Istock; Felix Clinton/Getty Images; Joe Belanger / Alamy
Make Your Space Healthier
En español l They're hiding in your fridge, in your cupboards, even in your underwear drawer. Yes, we're talking about the things you need to throw out or recycle to help keep both you and the environment healthy.1 of 12
Felix Clinton/Getty Images
Ratty, Stretched-Out Bras
Ladies, your “girls” need to be cradled in a supportive bra, which takes the weight off your shoulders and can reduce or prevent neck and back pain. A well-fitting bra also improves your posture and, yes, can help delay sagging as you age.
2 of 12
Ian Francis / Alamy
Not only do some margarines contain cholesterol-raising trans fat, but a moderate amount of real butter may be better for your health. A 2013 National Institutes of Health analysis found fewer deaths among patients who used butter instead of polyunsaturated margarine and oils such as safflower, corn and soybean.3 of 12
Old Nonstick Pans
In 2006, the government gave nonstick pan makers until 2015 to eliminate a harmful chemical used in making the lining. If your pans are pre-2006 or scratched, it’s time to replace them. Check Earth911.com for recycling tips. Calphalon’s ReNew program takes old pans (any brand) when you buy a new Calphalon cookware set.
4 of 12
It’s time to kick the can. A 2011 Harvard study found that consuming canned soup daily for five days caused a 1,000 percent increase in the urine level of the chemical BPA, thanks to the can’s lining. BPA has been linked to reproductive problems in lab animals, and diabetes and obesity in humans.5 of 12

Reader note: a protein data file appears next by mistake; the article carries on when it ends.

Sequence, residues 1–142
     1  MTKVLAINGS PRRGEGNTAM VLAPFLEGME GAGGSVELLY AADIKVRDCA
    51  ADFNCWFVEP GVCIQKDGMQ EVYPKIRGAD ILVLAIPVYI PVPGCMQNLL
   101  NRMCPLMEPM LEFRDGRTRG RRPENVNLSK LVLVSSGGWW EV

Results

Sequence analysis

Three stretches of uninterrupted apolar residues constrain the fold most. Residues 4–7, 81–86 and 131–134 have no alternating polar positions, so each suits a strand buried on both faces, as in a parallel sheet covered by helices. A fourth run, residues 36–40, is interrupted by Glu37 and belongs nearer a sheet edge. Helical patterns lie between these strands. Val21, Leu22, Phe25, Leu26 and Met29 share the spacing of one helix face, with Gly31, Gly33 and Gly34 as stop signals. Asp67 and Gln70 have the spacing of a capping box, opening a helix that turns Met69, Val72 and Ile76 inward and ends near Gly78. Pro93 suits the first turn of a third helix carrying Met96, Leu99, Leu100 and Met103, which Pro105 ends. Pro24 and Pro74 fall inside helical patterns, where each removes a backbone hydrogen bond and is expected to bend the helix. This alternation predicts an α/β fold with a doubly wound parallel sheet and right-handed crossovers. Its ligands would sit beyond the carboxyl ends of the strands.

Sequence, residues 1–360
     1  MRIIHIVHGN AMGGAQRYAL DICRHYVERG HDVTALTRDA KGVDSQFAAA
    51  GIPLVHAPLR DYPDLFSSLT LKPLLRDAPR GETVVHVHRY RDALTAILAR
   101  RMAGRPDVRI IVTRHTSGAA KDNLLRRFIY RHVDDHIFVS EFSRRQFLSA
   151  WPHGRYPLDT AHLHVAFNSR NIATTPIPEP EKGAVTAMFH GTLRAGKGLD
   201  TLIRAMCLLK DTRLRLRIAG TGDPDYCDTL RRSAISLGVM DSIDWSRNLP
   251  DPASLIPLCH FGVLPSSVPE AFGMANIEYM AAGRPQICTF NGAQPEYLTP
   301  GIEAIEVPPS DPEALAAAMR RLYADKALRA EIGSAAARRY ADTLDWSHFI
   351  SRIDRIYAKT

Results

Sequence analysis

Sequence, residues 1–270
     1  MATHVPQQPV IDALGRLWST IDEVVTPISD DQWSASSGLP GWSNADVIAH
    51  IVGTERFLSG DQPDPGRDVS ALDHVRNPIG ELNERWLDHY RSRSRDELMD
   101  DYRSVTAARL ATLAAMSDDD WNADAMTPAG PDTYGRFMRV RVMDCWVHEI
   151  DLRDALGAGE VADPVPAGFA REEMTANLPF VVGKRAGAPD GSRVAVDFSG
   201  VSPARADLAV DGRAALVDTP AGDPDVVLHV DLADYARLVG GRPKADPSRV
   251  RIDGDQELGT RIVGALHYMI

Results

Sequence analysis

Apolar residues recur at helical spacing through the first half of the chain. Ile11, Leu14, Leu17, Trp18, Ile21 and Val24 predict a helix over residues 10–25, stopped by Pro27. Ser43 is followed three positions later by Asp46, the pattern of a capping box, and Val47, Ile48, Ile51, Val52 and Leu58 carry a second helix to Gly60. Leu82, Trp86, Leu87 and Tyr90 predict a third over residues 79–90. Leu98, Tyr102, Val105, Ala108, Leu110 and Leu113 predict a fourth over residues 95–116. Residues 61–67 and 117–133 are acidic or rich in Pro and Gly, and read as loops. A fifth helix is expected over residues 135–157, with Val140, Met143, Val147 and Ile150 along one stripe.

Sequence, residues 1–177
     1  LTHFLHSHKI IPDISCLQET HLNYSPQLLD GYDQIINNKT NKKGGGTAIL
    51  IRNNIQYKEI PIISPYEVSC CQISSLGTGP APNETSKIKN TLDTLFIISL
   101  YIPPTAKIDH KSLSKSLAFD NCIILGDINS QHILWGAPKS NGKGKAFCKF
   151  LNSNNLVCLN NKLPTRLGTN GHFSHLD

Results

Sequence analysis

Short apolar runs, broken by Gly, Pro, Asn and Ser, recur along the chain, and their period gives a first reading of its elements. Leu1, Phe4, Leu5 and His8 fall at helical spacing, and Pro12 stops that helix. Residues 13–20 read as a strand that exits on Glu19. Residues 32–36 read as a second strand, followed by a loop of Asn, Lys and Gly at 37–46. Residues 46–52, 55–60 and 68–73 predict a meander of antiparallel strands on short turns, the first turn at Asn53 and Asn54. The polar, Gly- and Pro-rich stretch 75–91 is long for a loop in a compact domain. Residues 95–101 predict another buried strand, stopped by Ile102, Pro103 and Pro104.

Istockphoto6 of 12
Tamara Staples/Getty Images
Unused Tech Toys (cellphones, iPods, TVs, etc.)
To figure out how — and where — to safely recycle old items, try the Environmental Protection Agency’s website or Earth911.com. If you want to sell them, try Gazelle.com, BuyMyTronics.com and Nextworth.com. You could also donate items to the National Cristina Foundation (cristina.org), which matches used equipment with an organization in need.
7 of 12
Just like the kitchen sponge that collects germs in its damp, dark crevices, your toothbrush can do the same. Replace it every three months or so, especially if the bristles look frayed, recommends the American Dental Association. Store it upright in an open container so that it can air-dry.8 of 12
Expired, Improperly Stored Vitamins
Check the expiration date on your vitamins. Although expired pills won’t make you sick, they can lose potency and prevent you from getting their full benefit. That’s especially the case if you’ve left them exposed to heat, light and air. Vitamins should be stored in a cool, dry place.
9 of 12
Patti McConville / Alamy
Worn, Mismatched, Faded Towels
Instead of letting them gather dust or take up needed storage space, donate them. Animal shelters always need towels and blankets for pet beds and cleaning up.
10 of 12
Joe Belanger / Alamy
How old is that container of leftover whatever-it-is in your fridge? If it’s older than four days, pitch it. According to Foodsafety.gov, leftovers shouldn’t be stored for more days than that — or you’re just asking for a stomachache, nausea or worse.
11 of 12
12 of 12
Find out how often you should wash certain household items like hand towels and more.
(Video) Nasty Things to Throw Away: Germs and bacteria are hiding in plain sight in items that you use everyday. Before they take over and make you sick, here is AARP's list of the nastiest things you should toss out immediately!